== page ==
Turbo training sweat guard: Tacx Sweat Cover for smartphones

Ensure your bike always stays protected and your phone remains easily to hand. It’s perfect for keeping yourself amused, or keeping in contact, since the phone itself sits downwind of the handlebars.

While it’s a bit of a stretch to watch anything on the screen, it’s still a useful design feature, while the whole item itself remains machine washable. 

Budget turbo training sweat guard: Van Rysel Turbo Trainer Sweat Catcher

Wiggle house-brand LifeLine makes a good case for why you shouldn't spend more than a tenner on what is essentially a weird fabric thong for your bike. 

How to stay hydrated while cycling indoors

You’ll only ever once try and pop a glass of water next to your turbo trainer in the hope of gulping some down during your session. Any degree of effort will leave your arms far too shaky to do anything other than throw it all over yourself.

A regular bottle popped into your cage is the best solution. Just like normal cycling, sessions over an hour might benefit from fueling with a carbohydrate drink, while electrolyte tabs will help replace any salts and minerals lost through sweating. 

Easily squeezable water bottle: CamelBak Podium Bottle 710ml


A sizable 710ml serving for longer sessions. Just as slurpable indoors. 

Elite Vico Carbon Bottle Cage


Being lightweight and carbon won’t help much when attached to a static bike. However, having a perfectly matched bottle and cage remains essential even when indoors. 


Drink to up your energy: SiS Go Energy Powder

Don’t deplete your food stocks. Power any extended efforts with Science in Sport’s Go Energy Powder, which is both easy to digest and provides around 50 grams of carbohydrate per serving.

Replace lost electrolytes with Nuun Sport Tablets

Just like riding outside, you’ll sweat out a lot of key salts and minerals. Replenish them with these uncommonly tasty tablets. 

Build muscle with additional protein: SiS Whey Protein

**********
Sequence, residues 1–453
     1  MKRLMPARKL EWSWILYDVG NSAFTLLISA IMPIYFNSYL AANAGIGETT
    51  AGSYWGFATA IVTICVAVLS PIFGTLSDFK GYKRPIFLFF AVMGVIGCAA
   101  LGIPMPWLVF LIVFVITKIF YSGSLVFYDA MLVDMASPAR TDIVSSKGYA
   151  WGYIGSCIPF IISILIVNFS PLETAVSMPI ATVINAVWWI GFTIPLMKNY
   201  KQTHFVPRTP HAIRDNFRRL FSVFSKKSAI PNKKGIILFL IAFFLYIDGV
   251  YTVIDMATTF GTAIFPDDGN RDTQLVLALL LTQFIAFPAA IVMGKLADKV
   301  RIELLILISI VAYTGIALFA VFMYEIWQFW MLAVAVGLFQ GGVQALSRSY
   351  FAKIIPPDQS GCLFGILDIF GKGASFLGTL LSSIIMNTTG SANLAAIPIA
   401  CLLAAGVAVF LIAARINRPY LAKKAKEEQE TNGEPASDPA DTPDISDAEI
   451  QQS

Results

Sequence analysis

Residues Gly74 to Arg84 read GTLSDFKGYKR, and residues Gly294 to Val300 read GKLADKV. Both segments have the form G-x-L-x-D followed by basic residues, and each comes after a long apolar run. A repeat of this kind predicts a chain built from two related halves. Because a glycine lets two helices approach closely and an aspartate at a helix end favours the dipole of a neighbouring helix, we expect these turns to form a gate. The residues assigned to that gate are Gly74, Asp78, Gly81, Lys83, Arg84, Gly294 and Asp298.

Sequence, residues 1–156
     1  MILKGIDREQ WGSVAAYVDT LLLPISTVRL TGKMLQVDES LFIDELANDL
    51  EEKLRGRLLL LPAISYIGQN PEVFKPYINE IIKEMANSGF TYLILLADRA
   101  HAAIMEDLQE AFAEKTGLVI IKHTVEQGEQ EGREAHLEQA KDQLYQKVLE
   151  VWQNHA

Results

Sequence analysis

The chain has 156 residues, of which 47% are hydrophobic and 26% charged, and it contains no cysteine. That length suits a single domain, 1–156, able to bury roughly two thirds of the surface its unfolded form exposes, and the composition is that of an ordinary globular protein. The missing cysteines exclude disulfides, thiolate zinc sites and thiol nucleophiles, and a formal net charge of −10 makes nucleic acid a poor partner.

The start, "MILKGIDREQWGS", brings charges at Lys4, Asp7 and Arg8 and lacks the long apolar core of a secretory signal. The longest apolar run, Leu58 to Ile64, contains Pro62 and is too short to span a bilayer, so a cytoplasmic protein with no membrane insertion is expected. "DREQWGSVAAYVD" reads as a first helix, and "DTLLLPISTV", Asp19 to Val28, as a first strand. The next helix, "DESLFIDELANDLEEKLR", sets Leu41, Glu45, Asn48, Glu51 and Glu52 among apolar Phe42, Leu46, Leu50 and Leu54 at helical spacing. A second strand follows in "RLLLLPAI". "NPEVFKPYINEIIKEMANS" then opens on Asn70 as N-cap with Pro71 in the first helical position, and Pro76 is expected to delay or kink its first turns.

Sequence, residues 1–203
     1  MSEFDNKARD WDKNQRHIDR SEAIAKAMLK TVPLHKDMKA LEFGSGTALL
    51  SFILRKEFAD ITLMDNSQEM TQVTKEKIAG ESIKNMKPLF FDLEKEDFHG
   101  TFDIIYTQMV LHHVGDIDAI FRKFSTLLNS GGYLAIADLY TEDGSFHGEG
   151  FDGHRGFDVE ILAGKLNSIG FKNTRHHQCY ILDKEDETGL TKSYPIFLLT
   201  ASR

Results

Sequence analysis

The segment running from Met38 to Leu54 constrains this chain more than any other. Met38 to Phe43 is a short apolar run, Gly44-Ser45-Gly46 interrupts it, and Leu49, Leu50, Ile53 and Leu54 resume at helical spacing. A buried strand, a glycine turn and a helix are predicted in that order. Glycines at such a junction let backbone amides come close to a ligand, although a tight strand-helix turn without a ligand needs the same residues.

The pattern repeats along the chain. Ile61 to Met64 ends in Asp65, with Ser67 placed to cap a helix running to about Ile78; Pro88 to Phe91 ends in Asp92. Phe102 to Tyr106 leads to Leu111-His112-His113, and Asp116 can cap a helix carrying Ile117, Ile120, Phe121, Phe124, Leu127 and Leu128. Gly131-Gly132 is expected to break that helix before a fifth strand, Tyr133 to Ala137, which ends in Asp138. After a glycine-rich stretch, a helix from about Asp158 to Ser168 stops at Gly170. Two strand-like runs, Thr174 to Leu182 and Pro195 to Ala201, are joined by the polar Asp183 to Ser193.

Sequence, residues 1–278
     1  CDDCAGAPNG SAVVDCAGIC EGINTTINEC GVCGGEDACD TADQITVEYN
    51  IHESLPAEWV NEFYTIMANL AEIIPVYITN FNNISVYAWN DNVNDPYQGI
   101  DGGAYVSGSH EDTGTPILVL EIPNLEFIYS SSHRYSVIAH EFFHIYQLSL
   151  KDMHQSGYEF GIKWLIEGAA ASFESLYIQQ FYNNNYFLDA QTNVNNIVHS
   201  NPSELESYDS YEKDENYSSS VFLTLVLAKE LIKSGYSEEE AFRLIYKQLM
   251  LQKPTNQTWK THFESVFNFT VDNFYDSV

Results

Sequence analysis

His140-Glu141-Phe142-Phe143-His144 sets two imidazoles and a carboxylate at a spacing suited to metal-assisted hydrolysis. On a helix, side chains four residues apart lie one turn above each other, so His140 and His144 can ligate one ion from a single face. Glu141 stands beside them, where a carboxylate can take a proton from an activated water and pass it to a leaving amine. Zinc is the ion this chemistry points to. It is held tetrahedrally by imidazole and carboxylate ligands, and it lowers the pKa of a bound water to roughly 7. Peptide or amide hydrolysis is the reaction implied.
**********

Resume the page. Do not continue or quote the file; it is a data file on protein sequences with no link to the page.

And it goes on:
All your work risks going to waste if your body can’t capitalise on the adaptations you’re provoking. Adding extra protein can help build muscle if you don’t get enough from your regular diet.

Laptop and iPad stands for turbo training and indoor cycling

I once interviewed an ultra-distance racer who trained his mental toughness by doing 10-hour turbo sessions staring at a blank wall. Unless that sounds appealing, you’ll want some way of amusing yourself.

Low-intensity sessions normally leave enough attention available to allow you to watch TV shows – while catching up on the previous season’s racing can provide inspiration.

If you want to run programmes like Zwift or TrainerRoad you’ll also want a screen to display your data. A tablet or laptop is ideal, while a phone will do at a push. For larger screens, a dedicated stand can be useful.  

Turbo training tablet stand: Tacx Floor Stand For Tablets

 

If you’re happy using a tablet rather than a laptop, this small stand is compact and secure.

Desk-style stand for indoor cycling: LifeLine Trainer Table

If you want to create a home-office style setup on a budget, the LifeLine Trainer Table lets you easily gather all your gadgets.

Handlebar phone mount for indoor cycling: SKS Compit Smartphone Holder


A very neat and sturdy way to attach your phone to the area above your stem. Works just as well when used outside. 


Stay entertained while using your turbo trainer

 

Keep yourself motivated, and your mind distracted from the lactic in your legs. Spotify is great for finding tunes with a BPM to match any cadence. Netflix is ideal for boxsets. Eurosport might not have much on that’s current, but it’s still a great place to find past races. Know who won Le Samyn this March? Now’s the time to find out.

If all else fails, BBC iPlayer will keep you both informed and amused for no more than the cost of your licence fee.

App for virtual racing when indoor training: Zwift

There are now several apps that can be paired with a smart trainer to simulate riding and racing. Letting you match up with people around the world on a range of virtual courses, by far the most popular is Zwift.